WHEN WE WERE SMALL, we were taught to be polite to adults. For little boys, that meant saluting grown-ups who were known to us, especially teachers.
Some people we were afraid of - the policeman, the headmaster, the janitor, some old spinsters, and in my case the black-faced coalman who would shout after me that Nancy Stirling was my girl friend.
When we were a bit older, there was someone else who scared us (she scared some adults too) - Miss Rumbles!
Many parents encouraged their children to join the Junior Section of the local library, and that’s where Miss Rumbles was all-powerful. Small, tight-lipped, with little eyes that pierced you through her glasses, she was probably a very nice lady outside the library, but we children felt that we were definitely not wanted there. The library was always spotlessly clean with highly polished floors, and I got the impression that our presence was making it untidy.
I can’t remember at what age we joined, but certainly by the time we were in our early teens Rita and I were avid readers.
What was I reading? I suppose mainly detective books in the beginning - Agatha Christie, John Dickson Carr, G.K. Chesterton, but later I discovered Phillips Oppenheim and Marie Corelli (both British despite their names), Maurice Walsh, P.G. Wodehouse and others.
For light reading, my greatest discovery was the work of Caryl Brahms and S.J. Simon. This clever partnership created a series of humorous books including A Bullet in the Ballet, No Bed for Bacon, Don’t Mr Disraeli, and Six Curtains for Stroganova. This last one I read again a few weeks ago, and still find it terrific.
I find it strange that I can’t recall many books that we read as Home Readers at secondary school. Charles Dickens of course, and there was Walter Scott’s Quentin Durward which I found boring.
Among the poetry we studied, my favourites always had something of the supernatural about them - The Rime of the Ancient Mariner, The Wife of Usher’s Well, Thomas the Rhymer, The Lady of Shalott and Keat’s La Belle Dame sans Merci.
I started off this week’s blog by saying that, when we were small, we were afraid of certain people.
There was something that really scared children however, and that was the “fever van.” If they were outside playing when it appeared, the children would quickly vanish to their own homes and stay indoors till it had gone. Around 1932/3 scarlet fever and diphtheria were common diseases, and as both were very infectious any one who took them had to go to hospital.
At that time I seemed to succumb to all the illnesses that were on the go, and sure enough scarlet fever claimed me. I was 7 years old when I was taken away in the dreaded “fever van”, and the awful thing was that I really thought I would never get home again. I would be there for the rest of my life!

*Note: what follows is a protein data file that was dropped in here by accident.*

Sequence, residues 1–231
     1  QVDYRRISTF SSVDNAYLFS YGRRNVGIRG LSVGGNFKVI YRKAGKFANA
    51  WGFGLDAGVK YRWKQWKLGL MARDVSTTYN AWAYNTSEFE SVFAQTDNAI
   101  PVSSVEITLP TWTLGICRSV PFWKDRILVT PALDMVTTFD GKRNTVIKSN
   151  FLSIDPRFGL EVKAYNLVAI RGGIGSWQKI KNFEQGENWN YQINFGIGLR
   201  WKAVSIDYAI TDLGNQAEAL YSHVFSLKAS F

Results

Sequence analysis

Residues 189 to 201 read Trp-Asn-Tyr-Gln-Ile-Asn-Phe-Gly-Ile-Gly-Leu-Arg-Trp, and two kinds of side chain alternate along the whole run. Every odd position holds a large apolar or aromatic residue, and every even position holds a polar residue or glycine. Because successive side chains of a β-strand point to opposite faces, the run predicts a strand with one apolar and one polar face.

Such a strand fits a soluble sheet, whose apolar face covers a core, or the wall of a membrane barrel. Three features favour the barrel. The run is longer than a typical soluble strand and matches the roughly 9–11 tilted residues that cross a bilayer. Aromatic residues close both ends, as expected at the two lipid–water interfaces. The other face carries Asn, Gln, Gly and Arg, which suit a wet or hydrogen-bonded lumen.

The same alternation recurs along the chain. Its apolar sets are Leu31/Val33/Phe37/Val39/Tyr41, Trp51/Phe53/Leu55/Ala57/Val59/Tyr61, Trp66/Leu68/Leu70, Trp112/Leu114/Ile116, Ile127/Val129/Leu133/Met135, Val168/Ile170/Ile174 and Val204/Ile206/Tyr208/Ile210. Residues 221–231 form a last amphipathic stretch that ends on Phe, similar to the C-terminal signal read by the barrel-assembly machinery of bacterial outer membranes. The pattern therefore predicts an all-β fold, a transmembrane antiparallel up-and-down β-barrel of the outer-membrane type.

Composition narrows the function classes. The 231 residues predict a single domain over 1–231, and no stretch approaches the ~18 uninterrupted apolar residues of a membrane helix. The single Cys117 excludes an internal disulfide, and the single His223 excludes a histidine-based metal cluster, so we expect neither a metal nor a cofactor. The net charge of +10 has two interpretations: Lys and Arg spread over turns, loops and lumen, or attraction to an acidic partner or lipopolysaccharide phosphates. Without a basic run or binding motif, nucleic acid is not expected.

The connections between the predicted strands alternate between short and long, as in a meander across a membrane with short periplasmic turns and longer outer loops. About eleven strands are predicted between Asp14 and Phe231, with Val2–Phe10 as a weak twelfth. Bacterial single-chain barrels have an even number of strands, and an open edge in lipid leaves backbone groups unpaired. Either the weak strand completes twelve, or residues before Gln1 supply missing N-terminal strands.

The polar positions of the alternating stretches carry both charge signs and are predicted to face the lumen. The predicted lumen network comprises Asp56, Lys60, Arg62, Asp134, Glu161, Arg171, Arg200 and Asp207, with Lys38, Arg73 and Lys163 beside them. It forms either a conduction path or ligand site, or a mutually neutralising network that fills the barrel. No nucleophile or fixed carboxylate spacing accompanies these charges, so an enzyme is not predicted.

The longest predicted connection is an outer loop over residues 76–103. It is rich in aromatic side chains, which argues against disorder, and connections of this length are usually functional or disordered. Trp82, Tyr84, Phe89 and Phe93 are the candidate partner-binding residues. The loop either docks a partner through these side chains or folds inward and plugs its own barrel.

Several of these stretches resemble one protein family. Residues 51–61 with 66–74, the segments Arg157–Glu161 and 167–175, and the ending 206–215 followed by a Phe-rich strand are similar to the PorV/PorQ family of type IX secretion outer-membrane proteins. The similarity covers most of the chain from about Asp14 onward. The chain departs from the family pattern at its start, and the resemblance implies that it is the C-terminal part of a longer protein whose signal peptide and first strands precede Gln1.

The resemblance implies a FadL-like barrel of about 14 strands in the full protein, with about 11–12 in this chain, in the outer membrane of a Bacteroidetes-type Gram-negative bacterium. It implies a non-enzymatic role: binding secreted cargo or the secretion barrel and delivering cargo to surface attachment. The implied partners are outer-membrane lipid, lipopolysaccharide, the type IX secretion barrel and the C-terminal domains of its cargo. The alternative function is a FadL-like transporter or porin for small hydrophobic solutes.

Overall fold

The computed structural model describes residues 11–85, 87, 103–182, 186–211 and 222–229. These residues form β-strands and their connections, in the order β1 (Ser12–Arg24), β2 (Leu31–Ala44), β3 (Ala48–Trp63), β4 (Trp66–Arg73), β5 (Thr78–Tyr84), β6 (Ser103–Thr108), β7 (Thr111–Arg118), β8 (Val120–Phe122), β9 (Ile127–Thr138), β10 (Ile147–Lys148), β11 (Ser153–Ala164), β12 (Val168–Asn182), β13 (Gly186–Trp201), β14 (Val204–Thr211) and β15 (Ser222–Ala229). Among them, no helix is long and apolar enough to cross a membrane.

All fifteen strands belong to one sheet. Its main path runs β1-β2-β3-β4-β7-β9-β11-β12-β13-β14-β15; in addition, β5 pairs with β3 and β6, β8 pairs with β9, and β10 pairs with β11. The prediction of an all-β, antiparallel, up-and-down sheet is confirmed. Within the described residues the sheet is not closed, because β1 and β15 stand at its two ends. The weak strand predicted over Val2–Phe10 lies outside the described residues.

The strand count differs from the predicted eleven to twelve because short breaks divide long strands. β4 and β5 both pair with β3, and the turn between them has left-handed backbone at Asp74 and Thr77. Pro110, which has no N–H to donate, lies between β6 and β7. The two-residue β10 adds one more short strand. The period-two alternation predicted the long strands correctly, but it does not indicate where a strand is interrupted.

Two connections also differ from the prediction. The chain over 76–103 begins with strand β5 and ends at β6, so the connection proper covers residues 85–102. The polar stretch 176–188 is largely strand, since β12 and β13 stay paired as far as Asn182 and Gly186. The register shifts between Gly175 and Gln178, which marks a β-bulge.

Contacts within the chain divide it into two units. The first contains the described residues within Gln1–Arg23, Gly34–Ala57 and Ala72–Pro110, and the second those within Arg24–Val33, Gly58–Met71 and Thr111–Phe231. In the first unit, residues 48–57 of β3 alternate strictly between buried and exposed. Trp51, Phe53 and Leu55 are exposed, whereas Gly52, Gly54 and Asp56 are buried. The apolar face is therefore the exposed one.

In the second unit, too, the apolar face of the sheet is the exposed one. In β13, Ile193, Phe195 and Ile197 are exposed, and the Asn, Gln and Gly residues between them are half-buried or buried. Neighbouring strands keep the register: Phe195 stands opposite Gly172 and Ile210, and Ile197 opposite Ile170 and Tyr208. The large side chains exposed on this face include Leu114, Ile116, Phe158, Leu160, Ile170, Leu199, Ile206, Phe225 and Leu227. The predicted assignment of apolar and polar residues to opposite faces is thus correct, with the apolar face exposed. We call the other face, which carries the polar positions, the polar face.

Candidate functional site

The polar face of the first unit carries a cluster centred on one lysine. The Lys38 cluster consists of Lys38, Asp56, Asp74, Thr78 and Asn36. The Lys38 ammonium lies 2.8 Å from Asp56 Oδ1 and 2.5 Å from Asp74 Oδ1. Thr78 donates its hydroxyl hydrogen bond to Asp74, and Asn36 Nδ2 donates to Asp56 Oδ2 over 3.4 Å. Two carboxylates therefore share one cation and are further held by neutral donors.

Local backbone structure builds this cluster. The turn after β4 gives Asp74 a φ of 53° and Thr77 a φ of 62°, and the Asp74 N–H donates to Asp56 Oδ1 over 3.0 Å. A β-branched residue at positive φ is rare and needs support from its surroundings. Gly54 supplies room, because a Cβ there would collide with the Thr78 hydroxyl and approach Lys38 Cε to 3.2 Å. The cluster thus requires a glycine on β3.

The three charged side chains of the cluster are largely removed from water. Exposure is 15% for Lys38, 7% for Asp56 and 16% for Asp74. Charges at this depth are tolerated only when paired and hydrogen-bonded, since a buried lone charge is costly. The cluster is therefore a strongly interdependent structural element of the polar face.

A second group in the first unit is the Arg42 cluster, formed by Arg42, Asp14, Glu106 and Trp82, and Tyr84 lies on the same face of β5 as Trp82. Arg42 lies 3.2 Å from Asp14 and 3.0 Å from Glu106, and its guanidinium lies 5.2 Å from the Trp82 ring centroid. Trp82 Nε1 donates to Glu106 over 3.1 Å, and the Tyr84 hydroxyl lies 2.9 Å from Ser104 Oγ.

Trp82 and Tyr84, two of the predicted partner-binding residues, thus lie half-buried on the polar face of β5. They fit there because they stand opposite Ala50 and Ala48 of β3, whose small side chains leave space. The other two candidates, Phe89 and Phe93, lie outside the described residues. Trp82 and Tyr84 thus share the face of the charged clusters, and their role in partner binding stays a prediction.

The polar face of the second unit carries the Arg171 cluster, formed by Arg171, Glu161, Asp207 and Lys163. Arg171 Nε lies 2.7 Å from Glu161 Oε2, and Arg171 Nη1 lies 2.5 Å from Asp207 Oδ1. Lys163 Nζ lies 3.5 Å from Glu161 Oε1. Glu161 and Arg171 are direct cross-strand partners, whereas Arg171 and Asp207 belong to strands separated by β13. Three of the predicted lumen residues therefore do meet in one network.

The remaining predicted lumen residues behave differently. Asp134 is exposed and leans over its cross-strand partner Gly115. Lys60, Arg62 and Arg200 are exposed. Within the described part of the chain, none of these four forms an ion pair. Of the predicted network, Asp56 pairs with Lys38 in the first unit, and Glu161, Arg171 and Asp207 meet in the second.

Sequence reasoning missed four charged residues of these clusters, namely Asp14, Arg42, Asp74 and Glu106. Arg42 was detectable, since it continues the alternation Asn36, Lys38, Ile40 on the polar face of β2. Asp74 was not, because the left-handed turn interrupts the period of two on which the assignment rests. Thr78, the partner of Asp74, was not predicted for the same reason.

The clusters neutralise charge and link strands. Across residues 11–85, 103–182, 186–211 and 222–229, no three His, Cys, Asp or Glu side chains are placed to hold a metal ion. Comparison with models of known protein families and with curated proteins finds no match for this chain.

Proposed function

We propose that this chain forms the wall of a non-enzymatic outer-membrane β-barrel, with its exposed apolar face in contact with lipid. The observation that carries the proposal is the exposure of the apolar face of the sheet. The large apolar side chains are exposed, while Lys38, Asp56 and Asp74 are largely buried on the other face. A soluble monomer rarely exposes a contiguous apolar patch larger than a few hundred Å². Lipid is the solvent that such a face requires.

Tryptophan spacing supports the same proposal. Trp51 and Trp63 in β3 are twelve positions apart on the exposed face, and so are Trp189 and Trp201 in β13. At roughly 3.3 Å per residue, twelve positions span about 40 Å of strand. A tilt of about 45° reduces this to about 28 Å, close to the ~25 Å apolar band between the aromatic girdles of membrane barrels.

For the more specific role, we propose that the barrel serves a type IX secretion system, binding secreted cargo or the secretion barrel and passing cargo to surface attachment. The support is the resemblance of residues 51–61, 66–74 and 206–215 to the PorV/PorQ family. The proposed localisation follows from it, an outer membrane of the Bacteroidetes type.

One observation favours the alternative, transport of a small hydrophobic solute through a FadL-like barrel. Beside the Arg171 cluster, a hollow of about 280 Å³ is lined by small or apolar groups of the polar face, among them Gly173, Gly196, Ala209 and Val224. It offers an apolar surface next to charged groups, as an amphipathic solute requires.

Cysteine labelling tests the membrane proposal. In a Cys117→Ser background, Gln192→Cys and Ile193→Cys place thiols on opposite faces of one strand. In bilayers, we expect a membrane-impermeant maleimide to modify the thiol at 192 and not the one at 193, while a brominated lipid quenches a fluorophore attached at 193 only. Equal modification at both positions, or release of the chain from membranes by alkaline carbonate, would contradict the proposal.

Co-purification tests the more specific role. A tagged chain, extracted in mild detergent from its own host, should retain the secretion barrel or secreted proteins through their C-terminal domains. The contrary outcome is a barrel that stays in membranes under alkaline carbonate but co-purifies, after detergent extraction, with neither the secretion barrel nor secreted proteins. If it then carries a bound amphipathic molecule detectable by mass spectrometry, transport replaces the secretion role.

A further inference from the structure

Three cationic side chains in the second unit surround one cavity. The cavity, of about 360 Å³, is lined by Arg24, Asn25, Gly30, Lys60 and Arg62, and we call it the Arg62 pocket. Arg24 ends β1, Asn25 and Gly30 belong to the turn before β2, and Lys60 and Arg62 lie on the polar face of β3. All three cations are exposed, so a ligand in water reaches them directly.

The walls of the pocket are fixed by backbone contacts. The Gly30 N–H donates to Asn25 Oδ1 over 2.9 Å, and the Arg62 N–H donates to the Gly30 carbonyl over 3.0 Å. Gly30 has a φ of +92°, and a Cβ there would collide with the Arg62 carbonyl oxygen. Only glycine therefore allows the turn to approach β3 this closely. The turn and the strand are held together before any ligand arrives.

Visitors weren’t allowed inside, but on visiting days they gathered on the path outside the ward and waved to us children who were looking out the windows. I think I stayed there for 6 weeks, and it was very strange indeed being home again.
I don’t know if I was responsible for passing on the germ or not, but not long afterwards both Rita and one of our aunts took the disease. Rita who had her 5th birthday in hospital made very little progress, and eventually our worried parents insisted that she be discharged. As soon as she was home, her recovery began and she was soon well again.
My wife Jean tells me that in the Glasgow hospital where her sister had scarlet fever, parents used to dread approaching the ward windows, for, if the curtains at a particular window were closed, it meant that the child there had died. How awful!
RED LETTER DAYS No1
There’s no doubt at all that my first life-changing day was when I left to join the RAF.
Some weeks earlier I had received notification of my National Service call-up, and shortly afterwards my father had discovered that a Glasgow boy who had relatives in our town had his call-up papers also, and that we would both be travelling on the same train to the same destination - RAF Padgate.
And so one night I said goodbye to my mother and sister, and my father accompanied me to Central Station in Glasgow where I met my travelling companion James Wood. The fact that there were two of us setting out on this adventure made the night journey quite pleasant, and I don’t think I had any fears or worries about what the future might hold.
At Padgate there seemed to be hundreds of young men being fitted out with uniforms, finding their billets and being shouted at by angry NCOs. We settled in to a rather chaotic fortnight of some square-bashing, inspections and lectures, and I was surprised to find that I quite enjoyed it all.
Our serious training began at RAF Bridgenorth, and at the end of six weeks I passed out as Aircraftsman Second Class Jaap.
My red letter day of course was that day on which I left home. Up till then (as anyone of my age brought up in our kind of society will understand) my parents had made all my decisions for me, but from then onwards, despite being a member of a regimented organisation, I felt I was free for the very first time.
THIS WEEK’ S QUOTATION
But if we are truly happy inside, then age brings with it a maturity, a depth, and a power that only magnifies our radiance (David Deida)